Voters expect Mitt Romney to blow the whistle in the debates.
By KARL ROVE
When George Stephanopoulos asked Mitt Romney in a Sept. 14 "Good Morning America" interview what he's learned about President Obama as a debater, the former Massachusetts governor replied, "I think he's going to say a lot of things that aren't accurate."
If Mr. Obama's debate performance mirrors his campaign, Mr. Romney's prediction will be dead on. To get a sense of how comprehensive the president's assault on the truth has been, consider some of his false claims in recent speeches and ads.
One Obama spot says, "To pay for huge, new tax breaks for millionaires like him, Romney would have to raise taxes on the middle class: $2,000 for a family with children."
That claim has been thoroughly discredited, including by PolitiFact Virginia and editorials in this newspaper. Mr. Romney, unlike the president, is committed to cutting taxes for everyone, including the middle class.
Another ad says, "As a corporate raider, [Mr. Romney] shipped jobs to China and Mexico." In response, the Washington Post editorialized, "On just about every level, this ad is misleading, unfair and untrue." As recently as Sept. 17, Mr. Obama claimed in Ohio that Mr. Romney's "experience has been owning companies that were called 'pioneers' in the business of outsourcing jobs to countries like China." But that claim, too, is a fabrication.
There is more. An Obama ad aimed at northern Virginia women intones, "Mitt Romney opposes requiring coverage for contraception." In fact, Mr. Romney opposes the president's unprecedented assault on religious liberties—in this case, the federal government forcing religious institutions (like church-sponsored hospitals, schools and charities) to provide insurance coverage for contraception in violation of their fundamental moral values and, incidentally, the First Amendment.
Candidates always have disagreements, arguing over the meaning of events or evidence. But Mr. Obama has taken ordinary political differences beyond anything we've seen. Every day, it seems, he attempts to disqualify his opponent through deliberate and undeniable falsehoods.
This is only one side of a two-sided coin. The president can't tell the truth about his own record either.
For example, Mr. Obama said at a Univision Town Hall on Sept. 20 that his biggest failure "is we haven't gotten comprehensive immigration reform done." The president then did what is second nature to him: He pinned the blame on Republicans. The problem with this excuse is that the Democrats controlled Congress by huge margins in the first two years of his presidency—and Mr. Obama never introduced an immigration bill or even provided the framework for one.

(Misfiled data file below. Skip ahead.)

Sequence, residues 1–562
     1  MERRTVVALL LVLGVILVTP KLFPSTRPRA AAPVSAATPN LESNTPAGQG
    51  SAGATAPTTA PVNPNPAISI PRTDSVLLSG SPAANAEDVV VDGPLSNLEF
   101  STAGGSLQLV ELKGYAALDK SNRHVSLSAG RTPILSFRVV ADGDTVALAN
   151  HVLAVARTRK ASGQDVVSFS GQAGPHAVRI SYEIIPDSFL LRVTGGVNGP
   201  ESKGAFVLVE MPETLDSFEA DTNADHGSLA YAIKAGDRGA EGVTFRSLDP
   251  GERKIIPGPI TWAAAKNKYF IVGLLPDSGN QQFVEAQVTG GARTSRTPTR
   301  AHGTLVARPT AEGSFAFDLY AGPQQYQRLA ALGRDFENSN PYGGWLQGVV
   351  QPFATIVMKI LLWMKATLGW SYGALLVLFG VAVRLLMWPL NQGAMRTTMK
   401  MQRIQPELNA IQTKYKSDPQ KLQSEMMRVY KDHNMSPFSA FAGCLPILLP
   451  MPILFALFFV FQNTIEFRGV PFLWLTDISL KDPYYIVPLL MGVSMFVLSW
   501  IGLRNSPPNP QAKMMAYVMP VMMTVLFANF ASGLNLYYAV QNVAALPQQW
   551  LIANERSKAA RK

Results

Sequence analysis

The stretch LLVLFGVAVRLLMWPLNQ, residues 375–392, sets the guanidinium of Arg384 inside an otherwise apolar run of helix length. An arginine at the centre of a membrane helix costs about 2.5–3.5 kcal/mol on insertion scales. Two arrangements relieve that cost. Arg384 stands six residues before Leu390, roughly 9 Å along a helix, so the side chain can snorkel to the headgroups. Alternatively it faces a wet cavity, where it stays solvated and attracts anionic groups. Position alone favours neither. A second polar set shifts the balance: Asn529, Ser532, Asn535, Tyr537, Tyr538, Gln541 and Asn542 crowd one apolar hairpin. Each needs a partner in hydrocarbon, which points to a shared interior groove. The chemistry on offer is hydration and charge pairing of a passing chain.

In the same interview, Mr. Obama claimed that his Justice Department's botched "Fast and Furious" gunrunning program was "begun under the previous administration." This time it was ABC's Jake Tapper correcting the record, pointing out, "it was started in October 2009, nine months into the Obama presidency."
The most troubling recent example of Mr. Obama's serial dishonesty is his administration's effort to deny that the attack on our consulate in Benghazi was a premeditated terrorist assault, as if the truth would somehow tarnish Mr. Obama's foreign-policy credentials.
Voters expect politicians to stretch the truth. But when the offender is as persistent with mistruths, half-truths and no-truths as Mr. Obama is, voters expect the other candidate to blow the whistle. They want their leaders to show toughness and be competitive. Which brings us back to the coming Oct. 3 debate, to be followed by two others on Oct. 16 and 22.
During these widely watched events, Mr. Romney must call out the president. That is not so easy: Mr. Romney can't call Mr. Obama a liar; that's too harsh a word that would backfire. Mr. Romney must instead set the record straight in a presidential tone—firm, respectful, but not deferential. And a dash of humor is worth its weight in gold.
While Mr. Romney must point out the president's misrepresentations, he can't take on the role of fact-checker-in-chief. He should deal comprehensively with several of Mr. Obama's untruths and, having done so, dismiss the rest as more of the same.
By carefully calling into question the president's veracity, Mr. Romney will have the opportunity to provide context: Mr. Obama doesn't shoot straight because he can't defend his record and has no agenda for the future except the status quo, stay the course.
What exactly about the past four years do Americans like? And why would they want four more years like them? Mr. Obama knows how most Americans would answer these questions, which is why he is being so fast and loose with the truth. Mr. Romney's job is to shine a light on this for voters.
Mr. Rove, a former deputy chief of staff to President George W. Bush, is a co-founder of the political action committee American Crossroads.